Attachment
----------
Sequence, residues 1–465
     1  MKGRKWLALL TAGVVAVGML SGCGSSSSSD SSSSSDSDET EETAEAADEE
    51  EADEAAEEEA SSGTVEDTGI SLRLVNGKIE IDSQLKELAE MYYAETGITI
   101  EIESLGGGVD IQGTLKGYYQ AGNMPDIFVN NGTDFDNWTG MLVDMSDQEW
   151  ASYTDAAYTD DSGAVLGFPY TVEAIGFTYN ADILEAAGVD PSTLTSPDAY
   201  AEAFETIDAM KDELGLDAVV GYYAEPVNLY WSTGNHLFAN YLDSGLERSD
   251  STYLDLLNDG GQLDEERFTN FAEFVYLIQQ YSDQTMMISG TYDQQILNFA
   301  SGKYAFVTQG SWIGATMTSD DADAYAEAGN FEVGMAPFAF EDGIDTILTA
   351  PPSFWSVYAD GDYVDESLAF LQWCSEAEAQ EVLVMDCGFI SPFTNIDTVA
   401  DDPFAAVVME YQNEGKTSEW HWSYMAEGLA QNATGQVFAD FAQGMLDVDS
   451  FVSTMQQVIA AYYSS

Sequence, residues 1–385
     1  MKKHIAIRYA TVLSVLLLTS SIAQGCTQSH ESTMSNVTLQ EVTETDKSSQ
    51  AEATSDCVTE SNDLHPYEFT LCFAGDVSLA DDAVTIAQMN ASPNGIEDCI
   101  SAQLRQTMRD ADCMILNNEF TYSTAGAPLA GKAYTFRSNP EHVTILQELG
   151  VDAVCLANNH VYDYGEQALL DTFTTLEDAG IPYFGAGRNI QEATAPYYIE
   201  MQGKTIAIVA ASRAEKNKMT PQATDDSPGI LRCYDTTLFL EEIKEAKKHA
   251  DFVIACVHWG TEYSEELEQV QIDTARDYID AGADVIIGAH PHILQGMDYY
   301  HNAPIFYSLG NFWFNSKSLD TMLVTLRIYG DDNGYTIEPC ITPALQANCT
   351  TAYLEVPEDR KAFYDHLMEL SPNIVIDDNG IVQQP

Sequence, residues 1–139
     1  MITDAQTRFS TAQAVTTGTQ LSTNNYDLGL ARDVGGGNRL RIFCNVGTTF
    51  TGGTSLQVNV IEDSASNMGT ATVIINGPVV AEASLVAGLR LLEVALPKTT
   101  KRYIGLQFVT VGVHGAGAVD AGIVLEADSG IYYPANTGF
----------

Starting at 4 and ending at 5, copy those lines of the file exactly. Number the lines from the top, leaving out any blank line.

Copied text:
   101  EIESLGGGVD IQGTLKGYYQ AGNMPDIFVN NGTDFDNWTG MLVDMSDQEW
   151  ASYTDAAYTD DSGAVLGFPY TVEAIGFTYN ADILEAAGVD PSTLTSPDAY